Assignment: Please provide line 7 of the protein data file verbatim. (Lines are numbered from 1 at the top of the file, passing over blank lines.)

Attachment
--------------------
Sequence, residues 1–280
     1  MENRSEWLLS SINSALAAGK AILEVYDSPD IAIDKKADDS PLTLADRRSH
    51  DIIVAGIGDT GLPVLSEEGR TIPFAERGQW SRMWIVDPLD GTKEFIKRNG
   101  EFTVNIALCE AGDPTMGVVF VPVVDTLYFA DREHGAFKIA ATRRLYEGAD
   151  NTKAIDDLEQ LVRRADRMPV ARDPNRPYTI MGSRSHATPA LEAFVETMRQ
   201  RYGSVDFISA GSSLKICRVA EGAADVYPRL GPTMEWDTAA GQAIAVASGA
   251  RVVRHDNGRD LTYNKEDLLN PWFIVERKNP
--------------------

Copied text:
   251  RVVRHDNGRD LTYNKEDLLN PWFIVERKNP